This collection features the story arcs:
The Shattered Sword
Originally published in Epic Illustrated #10-11, the reader is introduced to a Marada who is scared of her own reflection, a shadow of her former self, and no longer the warrior that she was raised to be. Having been rescued by Donal MacLlanllwyr (you’ll find difficult to pronounce names littered throughout this book, Claremont could give Tolkien a run for his money), the story follows Marada as she befriends Donal’s daughter Arianrhod (you see what I mean?), gains the trust of Rhiannon (Donal’s mother), gets closer to Donal himself, and slowly, reveals why she won’t pick up a weapon or fight back like the warrior she is meant to be.
The reveal is shocking and, being a family site, I cannot describe adequately what happened to her, but if you’ve ever watched the animé Chōjin Densetsu Urotsukidōji, then you might have an inkling of what occurs.
Following an attack by a demon, Donal is left with a mortal wound and Arianrhod is kidnapped, and Marada is forced to once again become the feared warrior she once was and get all Liam Neeson on demon ass.
The Royal Hunt
First printed in Epic Illustrated #12, The Royal Hunt is a story featuring Marada and Arianrhod, as they attempt to return home, after accidentally teleporting to Africa. That’s right, I’ve mentioned ancient Rome, demons and teleportation. Run-of-the-mill this book is not!
In this story Marada and Arianrhod are captured by the ruler of Meroë’s – the Candace, Ashake and her army. As they put up a spirited fight, Ashake decides that they are worthy of hunting, during which they can earn their freedom.
The story is very reminiscent of works such as Battle Royale and The Running Man, which is no bad thing, as they are awesome, as too is this particular story arc. The Shattered Sword was a nice introduction to the myth of Marada, but this second act shows us a Marada in her prime. Think of it like the original Star Wars trilogy, the first film was good, great even, but Empire just blows it out of the Sarlaac Pit.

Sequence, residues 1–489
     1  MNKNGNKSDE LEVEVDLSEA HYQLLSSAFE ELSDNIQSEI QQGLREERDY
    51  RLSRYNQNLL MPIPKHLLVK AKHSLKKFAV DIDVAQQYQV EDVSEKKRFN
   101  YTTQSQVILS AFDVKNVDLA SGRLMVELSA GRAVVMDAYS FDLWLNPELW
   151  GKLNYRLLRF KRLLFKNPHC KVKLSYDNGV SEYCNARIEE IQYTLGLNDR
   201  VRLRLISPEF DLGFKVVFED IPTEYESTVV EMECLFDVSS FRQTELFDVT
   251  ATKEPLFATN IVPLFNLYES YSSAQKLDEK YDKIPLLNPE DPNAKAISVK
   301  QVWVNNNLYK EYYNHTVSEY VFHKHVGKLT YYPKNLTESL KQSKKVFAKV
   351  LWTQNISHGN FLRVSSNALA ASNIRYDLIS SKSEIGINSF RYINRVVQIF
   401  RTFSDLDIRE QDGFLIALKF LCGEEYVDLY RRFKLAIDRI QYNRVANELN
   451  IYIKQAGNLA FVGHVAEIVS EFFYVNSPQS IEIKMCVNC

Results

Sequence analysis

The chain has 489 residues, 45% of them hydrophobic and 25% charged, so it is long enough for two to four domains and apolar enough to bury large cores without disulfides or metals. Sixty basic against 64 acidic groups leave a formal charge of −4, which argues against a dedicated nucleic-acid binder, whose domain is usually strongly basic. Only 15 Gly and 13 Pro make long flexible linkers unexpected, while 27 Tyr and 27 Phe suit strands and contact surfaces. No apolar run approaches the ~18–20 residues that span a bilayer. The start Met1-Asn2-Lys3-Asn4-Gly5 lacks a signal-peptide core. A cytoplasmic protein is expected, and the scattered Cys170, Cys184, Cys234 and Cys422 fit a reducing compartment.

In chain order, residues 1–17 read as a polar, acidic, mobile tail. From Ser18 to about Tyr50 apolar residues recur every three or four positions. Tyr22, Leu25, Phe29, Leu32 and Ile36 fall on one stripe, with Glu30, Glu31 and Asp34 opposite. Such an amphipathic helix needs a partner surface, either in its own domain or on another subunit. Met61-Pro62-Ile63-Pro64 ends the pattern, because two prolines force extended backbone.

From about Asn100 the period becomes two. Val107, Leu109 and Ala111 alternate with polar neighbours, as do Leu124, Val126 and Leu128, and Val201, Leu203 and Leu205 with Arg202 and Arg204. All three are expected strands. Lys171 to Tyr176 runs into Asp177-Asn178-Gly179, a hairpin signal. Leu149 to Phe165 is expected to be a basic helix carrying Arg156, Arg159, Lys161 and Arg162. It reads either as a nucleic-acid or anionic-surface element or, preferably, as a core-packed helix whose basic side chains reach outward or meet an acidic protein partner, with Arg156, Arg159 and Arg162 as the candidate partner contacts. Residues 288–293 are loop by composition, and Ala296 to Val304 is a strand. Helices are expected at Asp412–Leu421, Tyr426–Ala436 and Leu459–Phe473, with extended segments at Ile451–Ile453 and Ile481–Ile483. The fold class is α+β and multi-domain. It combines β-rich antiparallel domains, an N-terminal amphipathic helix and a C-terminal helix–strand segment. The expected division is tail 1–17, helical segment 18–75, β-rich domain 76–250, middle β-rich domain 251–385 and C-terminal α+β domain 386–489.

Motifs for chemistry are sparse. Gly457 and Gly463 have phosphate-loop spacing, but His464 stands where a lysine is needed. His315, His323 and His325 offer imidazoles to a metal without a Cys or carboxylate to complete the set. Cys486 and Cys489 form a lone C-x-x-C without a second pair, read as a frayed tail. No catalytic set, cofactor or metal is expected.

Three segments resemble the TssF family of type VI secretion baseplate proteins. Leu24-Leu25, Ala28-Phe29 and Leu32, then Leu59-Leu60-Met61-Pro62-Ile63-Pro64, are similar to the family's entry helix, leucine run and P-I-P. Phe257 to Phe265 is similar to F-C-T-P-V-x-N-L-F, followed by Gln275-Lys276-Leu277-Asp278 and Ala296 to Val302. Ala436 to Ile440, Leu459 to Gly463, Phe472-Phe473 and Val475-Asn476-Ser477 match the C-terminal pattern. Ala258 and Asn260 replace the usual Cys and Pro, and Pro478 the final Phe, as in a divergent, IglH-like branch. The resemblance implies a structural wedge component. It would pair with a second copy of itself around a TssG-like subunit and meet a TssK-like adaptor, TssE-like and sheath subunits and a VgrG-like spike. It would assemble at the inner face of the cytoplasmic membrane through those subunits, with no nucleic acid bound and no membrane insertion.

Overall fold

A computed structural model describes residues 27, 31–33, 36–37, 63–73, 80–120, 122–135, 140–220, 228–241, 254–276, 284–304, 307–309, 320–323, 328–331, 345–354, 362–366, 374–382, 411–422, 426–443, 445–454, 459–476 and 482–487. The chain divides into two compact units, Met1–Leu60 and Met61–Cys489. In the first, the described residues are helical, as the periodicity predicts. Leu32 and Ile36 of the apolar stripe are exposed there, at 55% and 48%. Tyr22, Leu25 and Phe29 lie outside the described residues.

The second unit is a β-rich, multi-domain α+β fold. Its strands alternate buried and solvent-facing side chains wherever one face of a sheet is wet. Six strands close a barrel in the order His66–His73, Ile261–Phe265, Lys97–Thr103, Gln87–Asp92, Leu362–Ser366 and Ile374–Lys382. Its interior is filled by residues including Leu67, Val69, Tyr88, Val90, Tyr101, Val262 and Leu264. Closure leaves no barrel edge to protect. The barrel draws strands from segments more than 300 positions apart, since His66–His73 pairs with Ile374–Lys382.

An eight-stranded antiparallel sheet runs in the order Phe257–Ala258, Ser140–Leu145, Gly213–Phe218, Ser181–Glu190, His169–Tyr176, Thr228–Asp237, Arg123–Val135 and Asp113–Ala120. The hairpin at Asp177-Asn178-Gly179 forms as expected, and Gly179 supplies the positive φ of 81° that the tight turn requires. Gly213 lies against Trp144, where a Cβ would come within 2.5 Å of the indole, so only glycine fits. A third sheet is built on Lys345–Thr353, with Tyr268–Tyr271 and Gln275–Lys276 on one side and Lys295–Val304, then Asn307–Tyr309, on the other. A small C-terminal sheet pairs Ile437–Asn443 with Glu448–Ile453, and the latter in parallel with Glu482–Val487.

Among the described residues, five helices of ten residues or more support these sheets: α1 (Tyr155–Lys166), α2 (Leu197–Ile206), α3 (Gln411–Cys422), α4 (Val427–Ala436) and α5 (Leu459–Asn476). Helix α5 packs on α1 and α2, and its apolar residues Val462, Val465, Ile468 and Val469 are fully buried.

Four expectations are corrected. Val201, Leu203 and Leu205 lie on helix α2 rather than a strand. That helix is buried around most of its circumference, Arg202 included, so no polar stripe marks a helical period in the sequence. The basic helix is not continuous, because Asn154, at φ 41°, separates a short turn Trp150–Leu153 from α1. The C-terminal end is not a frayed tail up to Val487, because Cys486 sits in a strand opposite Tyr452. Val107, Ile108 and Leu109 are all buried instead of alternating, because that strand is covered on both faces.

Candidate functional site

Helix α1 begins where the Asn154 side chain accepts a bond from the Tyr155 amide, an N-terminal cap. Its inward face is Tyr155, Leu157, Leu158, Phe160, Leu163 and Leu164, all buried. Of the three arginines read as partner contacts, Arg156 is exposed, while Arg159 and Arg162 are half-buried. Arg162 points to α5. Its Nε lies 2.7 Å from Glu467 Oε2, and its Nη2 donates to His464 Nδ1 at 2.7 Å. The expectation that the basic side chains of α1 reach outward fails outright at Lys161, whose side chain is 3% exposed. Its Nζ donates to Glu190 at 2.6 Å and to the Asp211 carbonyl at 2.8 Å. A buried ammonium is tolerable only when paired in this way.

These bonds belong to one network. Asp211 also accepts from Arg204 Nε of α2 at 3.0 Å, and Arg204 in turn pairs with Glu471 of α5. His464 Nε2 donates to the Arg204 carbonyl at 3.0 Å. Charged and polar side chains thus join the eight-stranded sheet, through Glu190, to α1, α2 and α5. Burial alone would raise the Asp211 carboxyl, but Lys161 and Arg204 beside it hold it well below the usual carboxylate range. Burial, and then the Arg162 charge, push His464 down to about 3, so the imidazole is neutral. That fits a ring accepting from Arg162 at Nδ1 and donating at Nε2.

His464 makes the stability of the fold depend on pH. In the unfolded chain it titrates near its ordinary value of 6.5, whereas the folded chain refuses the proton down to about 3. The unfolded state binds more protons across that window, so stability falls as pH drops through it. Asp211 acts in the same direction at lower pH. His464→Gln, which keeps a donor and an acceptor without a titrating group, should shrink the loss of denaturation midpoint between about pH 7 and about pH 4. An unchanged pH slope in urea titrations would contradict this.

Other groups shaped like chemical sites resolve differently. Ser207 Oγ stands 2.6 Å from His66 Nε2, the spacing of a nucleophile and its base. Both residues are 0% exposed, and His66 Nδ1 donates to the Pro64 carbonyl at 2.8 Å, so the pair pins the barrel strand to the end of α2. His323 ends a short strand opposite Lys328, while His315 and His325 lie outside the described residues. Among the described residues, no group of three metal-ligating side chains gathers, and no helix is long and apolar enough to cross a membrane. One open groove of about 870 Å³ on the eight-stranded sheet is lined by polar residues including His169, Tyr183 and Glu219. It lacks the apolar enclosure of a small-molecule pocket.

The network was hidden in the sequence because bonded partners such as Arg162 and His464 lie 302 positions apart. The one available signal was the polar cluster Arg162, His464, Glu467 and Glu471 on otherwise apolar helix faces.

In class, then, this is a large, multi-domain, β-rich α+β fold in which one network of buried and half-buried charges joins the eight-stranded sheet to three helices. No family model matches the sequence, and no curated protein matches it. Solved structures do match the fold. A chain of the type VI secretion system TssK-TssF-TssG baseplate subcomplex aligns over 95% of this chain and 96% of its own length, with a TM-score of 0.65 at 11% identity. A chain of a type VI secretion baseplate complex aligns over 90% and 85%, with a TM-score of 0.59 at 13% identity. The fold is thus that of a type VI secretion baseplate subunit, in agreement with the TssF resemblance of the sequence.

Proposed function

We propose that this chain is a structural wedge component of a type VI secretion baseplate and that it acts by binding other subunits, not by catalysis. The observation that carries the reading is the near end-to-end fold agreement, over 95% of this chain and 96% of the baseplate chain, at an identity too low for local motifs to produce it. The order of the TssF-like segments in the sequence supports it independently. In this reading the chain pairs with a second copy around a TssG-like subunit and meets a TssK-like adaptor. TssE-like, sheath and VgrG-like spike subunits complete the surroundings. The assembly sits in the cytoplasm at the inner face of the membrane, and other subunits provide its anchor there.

Ending up on a merchant ship, Wizards’ Masque (reprinted from Epic Illustrated #23-24) features pirate, demons and, as the name suggests, wizards, well one wizard, Jaffar.
Arguably the weaker of the three story arcs collected here (a bit like Jedi, maaaan, I reckon I can compare and relate Star Wars to anything), Wizards Masque places Marada and Arianrhod at the mercy of Jaffar who is in league with the demons who plagued Marada in the original arc, or are they? Jaffar may not be all that he seems.
As mentioned at the very start, I had never heard of Marada The She-Wolf prior to picking up this book and I can honestly say I am glad that I did. Although the stories contained are very reminiscent of Conan and Red Sonja and countless other swords and sorcery tales, Claremont’s writing allows Marada to stand apart from those, while Bolton’s artwork is gorgeous throughout and brings Marada’s world to life in stunning form.
Maddeningly, Marada’s and Arianrhod’s fate is left unfinished, as are several plot lines that are never resolved. Even with the cancellation of Epic Illustrated back in1986, Claremont still had plans for Marada, including what would have been a show stopping return to Rome. Unfortunately, this was never realised and the comic book world is poorer for it.
Do yourself a favour, pick up this book and educate yourself.